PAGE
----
Trauma Informed Behavior Management Strategies

Trauma Informed Behavior Management Strategies
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We’ve met that one kid back in this post. This is the kid who can’t sit still. That one kid is the child who won’t stop talking or can’t seem to get along with anyone in your class. Jumpiness, an inability to cope with big feelings, and an all-around refusal to connect with you or anything you try to teach them can all fall on the spectrum of behaviors you may see from that one kid. The real question is why do the that one kids of our classes do the things they do? Why are they disruptive? What causes this stubbornness? Why are they so…naughty? The reasons are endless. One of the most serious and terrifying for a child is trauma. In this post, we’ll dive into trauma informed behavior management strategies that can make your whole class feel safe and secure.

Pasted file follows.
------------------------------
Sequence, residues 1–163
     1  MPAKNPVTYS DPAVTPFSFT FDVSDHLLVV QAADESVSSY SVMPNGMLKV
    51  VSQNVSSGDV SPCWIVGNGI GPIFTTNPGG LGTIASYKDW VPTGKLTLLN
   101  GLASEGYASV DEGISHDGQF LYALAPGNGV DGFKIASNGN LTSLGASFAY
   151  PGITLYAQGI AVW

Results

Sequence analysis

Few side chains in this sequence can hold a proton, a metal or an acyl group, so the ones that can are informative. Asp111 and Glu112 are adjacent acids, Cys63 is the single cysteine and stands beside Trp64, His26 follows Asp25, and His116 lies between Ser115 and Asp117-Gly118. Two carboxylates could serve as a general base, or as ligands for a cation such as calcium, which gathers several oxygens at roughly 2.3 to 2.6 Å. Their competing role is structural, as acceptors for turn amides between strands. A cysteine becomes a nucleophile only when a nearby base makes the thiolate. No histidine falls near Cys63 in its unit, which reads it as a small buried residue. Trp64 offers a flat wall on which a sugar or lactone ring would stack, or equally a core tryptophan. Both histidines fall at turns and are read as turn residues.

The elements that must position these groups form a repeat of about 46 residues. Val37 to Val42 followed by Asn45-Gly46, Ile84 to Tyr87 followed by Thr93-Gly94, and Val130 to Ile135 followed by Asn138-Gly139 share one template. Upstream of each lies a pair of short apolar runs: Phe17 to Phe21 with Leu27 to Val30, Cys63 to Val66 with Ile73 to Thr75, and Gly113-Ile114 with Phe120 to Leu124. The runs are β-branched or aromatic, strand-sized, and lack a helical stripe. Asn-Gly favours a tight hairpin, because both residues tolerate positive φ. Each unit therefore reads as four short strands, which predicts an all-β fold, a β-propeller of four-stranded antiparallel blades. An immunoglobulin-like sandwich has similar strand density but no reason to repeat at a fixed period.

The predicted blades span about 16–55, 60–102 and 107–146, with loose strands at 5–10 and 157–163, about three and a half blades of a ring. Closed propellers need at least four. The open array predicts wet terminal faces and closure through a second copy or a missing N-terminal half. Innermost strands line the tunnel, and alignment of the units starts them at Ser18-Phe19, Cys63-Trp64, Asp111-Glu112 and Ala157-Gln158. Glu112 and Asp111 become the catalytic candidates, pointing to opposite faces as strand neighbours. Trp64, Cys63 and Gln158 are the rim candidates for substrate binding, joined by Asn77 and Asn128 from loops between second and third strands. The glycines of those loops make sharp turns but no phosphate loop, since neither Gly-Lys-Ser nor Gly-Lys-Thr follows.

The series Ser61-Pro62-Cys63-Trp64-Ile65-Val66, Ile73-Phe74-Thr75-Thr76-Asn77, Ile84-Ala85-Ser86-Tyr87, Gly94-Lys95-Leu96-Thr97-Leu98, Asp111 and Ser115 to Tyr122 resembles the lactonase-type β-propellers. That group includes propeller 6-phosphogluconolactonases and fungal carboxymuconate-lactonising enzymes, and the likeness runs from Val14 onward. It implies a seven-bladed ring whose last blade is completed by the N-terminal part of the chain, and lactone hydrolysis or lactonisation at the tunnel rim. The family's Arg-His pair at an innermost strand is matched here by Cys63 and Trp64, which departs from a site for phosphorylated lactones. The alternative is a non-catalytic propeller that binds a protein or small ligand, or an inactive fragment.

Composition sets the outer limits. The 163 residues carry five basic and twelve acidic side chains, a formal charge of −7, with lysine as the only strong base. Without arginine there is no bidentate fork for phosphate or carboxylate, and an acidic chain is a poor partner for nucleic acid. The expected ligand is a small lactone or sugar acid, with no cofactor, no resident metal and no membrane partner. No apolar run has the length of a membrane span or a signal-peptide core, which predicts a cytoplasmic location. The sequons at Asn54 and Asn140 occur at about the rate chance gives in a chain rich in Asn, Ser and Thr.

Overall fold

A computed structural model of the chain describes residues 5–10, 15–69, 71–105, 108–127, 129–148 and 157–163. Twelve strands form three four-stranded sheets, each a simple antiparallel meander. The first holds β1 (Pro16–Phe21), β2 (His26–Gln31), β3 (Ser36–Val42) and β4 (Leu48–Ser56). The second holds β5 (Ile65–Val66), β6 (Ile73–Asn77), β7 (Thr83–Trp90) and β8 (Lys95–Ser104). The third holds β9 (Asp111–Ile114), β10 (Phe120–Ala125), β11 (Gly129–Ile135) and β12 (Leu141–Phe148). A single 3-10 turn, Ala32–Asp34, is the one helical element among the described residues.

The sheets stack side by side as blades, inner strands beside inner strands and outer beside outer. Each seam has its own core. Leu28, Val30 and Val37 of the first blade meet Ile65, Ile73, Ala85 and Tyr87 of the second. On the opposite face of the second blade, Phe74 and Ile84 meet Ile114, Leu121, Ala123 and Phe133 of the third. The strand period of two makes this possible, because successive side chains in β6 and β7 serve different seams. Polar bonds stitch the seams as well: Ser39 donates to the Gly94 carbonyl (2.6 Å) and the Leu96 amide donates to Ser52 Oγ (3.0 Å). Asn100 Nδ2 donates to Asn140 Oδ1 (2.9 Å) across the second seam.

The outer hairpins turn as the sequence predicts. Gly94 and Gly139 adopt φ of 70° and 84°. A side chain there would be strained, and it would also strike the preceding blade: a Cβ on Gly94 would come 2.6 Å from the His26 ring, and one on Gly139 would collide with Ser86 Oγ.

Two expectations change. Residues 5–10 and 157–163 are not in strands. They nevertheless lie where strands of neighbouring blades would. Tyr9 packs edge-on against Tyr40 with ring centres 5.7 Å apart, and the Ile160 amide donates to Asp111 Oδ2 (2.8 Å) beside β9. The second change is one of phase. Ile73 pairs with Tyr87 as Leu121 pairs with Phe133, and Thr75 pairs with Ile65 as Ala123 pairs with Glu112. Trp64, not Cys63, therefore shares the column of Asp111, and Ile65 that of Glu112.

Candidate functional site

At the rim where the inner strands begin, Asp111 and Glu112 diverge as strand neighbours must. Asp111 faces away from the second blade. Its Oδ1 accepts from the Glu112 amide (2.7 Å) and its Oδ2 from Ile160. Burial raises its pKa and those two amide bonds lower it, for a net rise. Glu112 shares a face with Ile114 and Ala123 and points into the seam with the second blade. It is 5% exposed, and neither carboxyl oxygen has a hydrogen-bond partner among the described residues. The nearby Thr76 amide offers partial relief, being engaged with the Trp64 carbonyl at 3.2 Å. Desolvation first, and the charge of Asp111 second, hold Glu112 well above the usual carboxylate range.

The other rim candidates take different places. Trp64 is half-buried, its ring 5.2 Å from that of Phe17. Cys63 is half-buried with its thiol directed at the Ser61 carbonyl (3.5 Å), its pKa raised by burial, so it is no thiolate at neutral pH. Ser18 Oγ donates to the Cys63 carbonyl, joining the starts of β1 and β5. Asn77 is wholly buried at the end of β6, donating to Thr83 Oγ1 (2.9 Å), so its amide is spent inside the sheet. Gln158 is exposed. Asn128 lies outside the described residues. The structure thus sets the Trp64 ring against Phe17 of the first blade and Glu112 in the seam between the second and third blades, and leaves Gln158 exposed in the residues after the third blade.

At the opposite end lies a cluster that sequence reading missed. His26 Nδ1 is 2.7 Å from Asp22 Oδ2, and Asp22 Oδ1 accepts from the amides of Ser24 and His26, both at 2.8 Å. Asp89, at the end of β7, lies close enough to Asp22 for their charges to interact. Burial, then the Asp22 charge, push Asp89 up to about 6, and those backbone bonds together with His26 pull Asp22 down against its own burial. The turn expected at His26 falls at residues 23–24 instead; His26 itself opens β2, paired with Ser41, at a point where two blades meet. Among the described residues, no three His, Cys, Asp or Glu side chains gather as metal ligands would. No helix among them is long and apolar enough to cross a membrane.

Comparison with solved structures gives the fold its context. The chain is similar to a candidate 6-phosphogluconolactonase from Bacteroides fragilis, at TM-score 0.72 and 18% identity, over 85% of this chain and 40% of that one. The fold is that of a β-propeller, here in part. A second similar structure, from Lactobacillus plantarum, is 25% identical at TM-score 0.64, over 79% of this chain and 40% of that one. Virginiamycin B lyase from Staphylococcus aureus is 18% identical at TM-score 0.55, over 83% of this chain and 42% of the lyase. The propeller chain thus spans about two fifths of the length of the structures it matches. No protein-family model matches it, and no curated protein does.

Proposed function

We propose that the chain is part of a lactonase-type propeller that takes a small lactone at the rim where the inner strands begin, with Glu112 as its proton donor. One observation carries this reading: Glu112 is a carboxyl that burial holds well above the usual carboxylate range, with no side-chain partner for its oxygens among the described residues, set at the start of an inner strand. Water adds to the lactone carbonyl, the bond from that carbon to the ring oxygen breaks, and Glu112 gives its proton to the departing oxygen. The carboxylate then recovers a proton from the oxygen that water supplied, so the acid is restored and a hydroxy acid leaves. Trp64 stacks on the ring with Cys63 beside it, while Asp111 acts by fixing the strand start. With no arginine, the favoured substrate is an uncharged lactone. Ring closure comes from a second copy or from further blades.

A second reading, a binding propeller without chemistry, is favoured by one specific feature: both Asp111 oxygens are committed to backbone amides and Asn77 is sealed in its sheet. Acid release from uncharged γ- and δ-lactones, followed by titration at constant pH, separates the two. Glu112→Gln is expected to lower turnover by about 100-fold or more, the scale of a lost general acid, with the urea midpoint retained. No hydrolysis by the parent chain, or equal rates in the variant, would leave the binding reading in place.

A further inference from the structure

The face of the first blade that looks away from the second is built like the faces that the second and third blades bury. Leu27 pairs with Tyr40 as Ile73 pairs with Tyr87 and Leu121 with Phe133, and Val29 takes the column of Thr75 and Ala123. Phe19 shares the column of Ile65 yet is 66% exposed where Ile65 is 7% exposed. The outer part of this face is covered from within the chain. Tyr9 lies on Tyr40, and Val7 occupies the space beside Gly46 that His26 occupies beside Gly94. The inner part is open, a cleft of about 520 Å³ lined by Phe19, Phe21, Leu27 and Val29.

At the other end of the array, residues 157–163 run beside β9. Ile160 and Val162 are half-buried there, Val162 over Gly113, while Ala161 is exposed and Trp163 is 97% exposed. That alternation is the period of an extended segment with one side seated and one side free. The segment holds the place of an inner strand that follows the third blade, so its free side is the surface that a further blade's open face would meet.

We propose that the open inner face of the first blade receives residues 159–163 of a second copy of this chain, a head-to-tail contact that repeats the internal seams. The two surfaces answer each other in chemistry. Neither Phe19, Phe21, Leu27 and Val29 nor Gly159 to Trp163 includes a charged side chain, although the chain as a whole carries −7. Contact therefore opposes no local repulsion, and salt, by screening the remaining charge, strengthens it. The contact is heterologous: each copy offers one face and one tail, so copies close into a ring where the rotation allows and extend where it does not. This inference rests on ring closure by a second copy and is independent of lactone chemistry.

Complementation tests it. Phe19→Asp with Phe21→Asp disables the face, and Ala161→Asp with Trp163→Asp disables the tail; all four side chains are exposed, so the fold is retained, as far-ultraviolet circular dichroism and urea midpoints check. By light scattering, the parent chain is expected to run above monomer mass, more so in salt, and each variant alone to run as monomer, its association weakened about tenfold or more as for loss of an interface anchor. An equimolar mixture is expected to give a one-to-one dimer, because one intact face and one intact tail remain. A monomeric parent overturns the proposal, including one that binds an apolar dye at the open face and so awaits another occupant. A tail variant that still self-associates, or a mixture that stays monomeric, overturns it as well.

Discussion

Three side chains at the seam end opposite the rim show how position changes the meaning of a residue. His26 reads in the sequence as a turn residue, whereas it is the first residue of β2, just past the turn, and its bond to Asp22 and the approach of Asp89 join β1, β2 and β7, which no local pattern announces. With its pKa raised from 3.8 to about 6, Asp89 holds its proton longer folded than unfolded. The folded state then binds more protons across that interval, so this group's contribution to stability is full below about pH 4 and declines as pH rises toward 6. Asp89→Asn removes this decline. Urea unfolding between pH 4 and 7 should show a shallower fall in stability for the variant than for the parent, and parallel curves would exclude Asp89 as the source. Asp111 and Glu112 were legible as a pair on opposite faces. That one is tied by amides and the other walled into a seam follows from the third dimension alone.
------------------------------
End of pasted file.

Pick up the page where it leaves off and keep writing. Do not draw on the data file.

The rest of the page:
Trauma

Trauma and attachment problems in early childhood can lead to challenging behaviors throughout a kid’s school career. In Greek, trauma means “injury.” Trauma can be a single event such an unexpected violence or a natural disaster. A kid with a solid family support system will generally recover from the trauma with less “injury” than one without the right help.

Children can also experience complex trauma, an on-going series of painful events such as physical, sexual, or emotional abuse. Regardless of the size of the “t” in the trauma, adverse childhood experiences (ACEs), such as the ones described above, alter brain chemistry. Neuroplasticity allows us to make some changes in wiring to counteract the damage, though. Whole courses are taught on this subject, and your school counselor is probably already working with students struggling with trauma.